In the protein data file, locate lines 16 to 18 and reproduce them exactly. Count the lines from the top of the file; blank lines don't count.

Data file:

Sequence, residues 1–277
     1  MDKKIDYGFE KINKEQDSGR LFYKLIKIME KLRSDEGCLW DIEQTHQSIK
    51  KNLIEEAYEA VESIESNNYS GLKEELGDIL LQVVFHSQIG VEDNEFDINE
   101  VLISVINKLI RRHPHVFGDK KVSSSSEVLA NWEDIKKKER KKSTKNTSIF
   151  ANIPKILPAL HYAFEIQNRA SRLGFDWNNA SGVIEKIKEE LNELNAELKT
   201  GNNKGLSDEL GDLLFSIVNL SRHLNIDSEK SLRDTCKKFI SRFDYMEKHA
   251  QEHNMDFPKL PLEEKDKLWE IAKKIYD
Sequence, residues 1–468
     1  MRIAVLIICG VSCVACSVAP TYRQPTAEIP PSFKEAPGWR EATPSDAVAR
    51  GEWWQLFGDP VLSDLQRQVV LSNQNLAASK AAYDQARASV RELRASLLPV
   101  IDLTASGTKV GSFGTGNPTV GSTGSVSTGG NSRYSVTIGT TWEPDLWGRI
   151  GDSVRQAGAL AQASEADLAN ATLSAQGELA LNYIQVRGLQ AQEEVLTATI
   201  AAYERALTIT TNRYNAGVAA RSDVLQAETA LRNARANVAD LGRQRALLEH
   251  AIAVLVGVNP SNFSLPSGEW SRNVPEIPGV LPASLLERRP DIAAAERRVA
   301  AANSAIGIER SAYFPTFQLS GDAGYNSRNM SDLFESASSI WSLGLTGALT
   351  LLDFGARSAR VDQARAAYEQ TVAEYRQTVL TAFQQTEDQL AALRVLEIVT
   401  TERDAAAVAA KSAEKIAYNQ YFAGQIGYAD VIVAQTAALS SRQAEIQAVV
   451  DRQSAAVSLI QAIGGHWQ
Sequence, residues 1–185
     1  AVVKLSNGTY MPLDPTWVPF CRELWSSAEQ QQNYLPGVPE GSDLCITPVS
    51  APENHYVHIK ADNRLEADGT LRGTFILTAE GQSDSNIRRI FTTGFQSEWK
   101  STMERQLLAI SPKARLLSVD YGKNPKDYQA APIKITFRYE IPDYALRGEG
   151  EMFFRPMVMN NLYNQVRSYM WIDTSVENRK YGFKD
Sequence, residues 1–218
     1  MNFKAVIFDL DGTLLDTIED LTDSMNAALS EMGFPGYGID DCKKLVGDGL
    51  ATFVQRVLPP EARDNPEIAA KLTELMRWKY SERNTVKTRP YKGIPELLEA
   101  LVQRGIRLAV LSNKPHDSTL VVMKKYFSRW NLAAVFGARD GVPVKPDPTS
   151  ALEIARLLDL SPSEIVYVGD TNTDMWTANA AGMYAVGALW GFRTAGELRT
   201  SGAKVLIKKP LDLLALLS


   351  LLDFGARSAR VDQARAAYEQ TVAEYRQTVL TAFQQTEDQL AALRVLEIVT
   401  TERDAAAVAA KSAEKIAYNQ YFAGQIGYAD VIVAQTAALS SRQAEIQAVV
   451  DRQSAAVSLI QAIGGHWQ